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Warning: this is just silliness; delete at will.

At FQ 2.2.13, Spenser says that in Medina's castle there are "three
sisters...of sundry sort, / The children of one syre by mothers three."
See, however, stanza 27, in which Medina tries to mediate the fight between
the two boyfriends, Sans loi and Sir Huddibras:

        Whilst thus they mingled were in furious armes,
                The faire Medina with her tresses torne,
                And naked brest, in pitty of their harmes,
                Emongst them ran, and falling them beforne,
                Besought them by the womb, which them had born,
                And by the loues, which were to them most deare,
                And by the knighthood, which they sure had sworn,
                Their deadly cruell discord to forbeare,
        And to her iust conditions of faire peace to heare. (FQ 2.2.27)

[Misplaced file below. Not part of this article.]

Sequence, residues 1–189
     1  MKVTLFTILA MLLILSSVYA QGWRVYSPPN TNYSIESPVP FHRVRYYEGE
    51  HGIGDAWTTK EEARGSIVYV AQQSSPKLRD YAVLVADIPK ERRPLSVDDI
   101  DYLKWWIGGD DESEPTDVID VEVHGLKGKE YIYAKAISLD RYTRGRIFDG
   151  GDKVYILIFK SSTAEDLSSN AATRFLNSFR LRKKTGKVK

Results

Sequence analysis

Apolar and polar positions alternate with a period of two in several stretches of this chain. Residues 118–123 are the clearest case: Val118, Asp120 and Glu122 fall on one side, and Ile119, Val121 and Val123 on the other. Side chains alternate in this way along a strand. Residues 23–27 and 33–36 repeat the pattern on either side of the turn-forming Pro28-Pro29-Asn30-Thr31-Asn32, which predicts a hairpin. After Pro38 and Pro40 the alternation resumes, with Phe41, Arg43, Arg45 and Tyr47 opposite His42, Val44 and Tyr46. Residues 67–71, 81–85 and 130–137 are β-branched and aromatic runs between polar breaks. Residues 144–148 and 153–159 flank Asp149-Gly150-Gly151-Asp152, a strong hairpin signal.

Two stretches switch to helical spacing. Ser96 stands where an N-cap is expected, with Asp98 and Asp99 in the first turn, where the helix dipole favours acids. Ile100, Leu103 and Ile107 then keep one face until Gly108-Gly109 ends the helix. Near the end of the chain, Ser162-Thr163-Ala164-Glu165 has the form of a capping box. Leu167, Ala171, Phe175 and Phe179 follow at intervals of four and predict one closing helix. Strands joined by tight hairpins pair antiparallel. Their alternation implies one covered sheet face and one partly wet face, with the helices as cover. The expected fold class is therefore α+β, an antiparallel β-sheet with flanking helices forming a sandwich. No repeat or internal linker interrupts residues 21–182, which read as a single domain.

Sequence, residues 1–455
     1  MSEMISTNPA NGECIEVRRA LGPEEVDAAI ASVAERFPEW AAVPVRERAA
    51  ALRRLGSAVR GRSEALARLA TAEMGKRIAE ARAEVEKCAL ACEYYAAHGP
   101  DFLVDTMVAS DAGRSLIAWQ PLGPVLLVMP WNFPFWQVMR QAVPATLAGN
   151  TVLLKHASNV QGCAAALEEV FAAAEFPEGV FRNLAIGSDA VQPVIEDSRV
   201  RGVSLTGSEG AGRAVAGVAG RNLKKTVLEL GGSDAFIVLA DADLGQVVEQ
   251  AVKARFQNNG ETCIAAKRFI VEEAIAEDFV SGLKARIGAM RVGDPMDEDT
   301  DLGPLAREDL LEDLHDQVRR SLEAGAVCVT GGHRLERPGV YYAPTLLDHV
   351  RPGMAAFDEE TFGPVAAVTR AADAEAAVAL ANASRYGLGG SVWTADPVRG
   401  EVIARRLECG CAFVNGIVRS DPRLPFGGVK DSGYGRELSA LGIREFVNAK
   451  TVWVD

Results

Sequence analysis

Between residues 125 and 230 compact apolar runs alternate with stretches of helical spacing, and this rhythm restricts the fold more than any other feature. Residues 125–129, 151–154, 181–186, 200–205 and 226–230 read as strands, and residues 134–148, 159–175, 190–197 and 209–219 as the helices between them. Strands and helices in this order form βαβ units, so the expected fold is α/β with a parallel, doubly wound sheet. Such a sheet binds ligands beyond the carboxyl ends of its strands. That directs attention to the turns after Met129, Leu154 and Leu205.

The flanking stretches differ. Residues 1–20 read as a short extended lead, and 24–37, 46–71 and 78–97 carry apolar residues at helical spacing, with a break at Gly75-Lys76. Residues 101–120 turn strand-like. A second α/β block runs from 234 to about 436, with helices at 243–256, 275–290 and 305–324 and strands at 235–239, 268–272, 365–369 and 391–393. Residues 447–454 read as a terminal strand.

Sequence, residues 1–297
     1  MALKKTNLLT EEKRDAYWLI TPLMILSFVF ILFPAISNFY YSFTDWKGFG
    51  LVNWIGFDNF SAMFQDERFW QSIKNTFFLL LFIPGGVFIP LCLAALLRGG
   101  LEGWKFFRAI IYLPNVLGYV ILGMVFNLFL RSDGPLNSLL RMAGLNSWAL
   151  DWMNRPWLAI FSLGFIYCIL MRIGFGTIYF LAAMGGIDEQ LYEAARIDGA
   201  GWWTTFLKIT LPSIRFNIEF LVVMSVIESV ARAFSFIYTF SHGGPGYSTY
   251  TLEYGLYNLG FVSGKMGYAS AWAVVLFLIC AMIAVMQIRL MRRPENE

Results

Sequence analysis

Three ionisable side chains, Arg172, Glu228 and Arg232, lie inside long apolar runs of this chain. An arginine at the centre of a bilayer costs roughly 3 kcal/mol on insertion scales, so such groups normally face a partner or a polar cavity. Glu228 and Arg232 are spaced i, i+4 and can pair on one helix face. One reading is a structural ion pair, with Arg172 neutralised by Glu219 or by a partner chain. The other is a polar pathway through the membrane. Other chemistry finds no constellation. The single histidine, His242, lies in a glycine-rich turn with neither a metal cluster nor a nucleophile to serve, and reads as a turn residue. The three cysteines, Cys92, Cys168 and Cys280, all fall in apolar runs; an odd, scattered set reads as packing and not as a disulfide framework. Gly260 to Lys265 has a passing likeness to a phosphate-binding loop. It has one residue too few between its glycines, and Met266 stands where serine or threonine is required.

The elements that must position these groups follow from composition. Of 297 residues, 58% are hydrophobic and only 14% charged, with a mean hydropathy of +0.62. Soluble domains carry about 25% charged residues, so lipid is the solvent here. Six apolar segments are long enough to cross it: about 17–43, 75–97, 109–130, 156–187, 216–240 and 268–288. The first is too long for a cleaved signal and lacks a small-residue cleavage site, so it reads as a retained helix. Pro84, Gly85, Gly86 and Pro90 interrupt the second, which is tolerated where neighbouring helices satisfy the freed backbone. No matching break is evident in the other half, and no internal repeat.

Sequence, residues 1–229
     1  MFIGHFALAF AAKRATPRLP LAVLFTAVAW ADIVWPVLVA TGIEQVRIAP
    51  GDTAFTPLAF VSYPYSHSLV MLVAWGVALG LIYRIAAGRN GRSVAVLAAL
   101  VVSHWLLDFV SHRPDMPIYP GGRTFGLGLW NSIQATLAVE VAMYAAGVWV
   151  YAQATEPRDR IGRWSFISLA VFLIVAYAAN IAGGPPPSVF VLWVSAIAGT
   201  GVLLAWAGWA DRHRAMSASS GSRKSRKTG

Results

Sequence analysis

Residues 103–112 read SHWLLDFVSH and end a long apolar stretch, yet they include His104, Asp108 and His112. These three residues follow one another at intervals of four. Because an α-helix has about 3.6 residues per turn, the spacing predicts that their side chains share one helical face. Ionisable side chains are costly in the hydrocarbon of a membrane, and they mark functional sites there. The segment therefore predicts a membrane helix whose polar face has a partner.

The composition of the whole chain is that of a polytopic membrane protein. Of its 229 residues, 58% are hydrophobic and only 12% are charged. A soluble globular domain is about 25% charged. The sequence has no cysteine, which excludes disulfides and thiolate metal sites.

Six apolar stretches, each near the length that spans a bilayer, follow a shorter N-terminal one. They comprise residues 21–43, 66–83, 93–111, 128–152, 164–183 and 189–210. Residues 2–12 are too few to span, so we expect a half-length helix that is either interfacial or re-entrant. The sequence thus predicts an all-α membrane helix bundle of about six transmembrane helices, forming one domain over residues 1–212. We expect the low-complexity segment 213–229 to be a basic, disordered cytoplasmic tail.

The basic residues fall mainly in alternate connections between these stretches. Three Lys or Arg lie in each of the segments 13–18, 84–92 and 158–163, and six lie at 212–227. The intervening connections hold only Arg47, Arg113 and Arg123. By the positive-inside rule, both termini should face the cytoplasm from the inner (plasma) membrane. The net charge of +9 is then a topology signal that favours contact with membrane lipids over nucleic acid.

Medina is trying to emphasize things that the two knights have in common:
they are both in love with sisters and they are both members of the order
of knighthood. There is also "the womb, which them had born." Where came
that womb in? Sans loi and Huddibras are not, as Forrest Gump might say,
"relations." The sisters, though, have different mothers (as we just
learned in st. 13), so they didn't come from the same womb, either. What,
then, is Medina appealing to: is it the fact that everyone has a mother?
This leaves me, I confess, a little cold.

Can anyone propose a better solution? Extra points if you can identify an
iconographical or literary source for the image of the bare-breasted
peace-weaver in line 3. (And no, Janet Jackson is _not_ a peace-weaver.)

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David Wilson-Okamura        http://virgil.org          [log in to unmask]
East Carolina University    Virgil reception, discussion, documents, &c
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